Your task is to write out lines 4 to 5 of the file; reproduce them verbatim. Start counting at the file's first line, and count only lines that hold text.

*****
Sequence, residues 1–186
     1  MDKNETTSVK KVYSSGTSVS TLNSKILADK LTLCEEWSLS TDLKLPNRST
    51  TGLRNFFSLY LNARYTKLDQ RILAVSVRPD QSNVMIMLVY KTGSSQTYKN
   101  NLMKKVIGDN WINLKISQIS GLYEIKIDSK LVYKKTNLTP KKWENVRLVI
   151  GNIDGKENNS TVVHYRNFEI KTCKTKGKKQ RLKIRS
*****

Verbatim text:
   101  NLMKKVIGDN WINLKISQIS GLYEIKIDSK LVYKKTNLTP KKWENVRLVI
   151  GNIDGKENNS TVVHYRNFEI KTCKTKGKKQ RLKIRS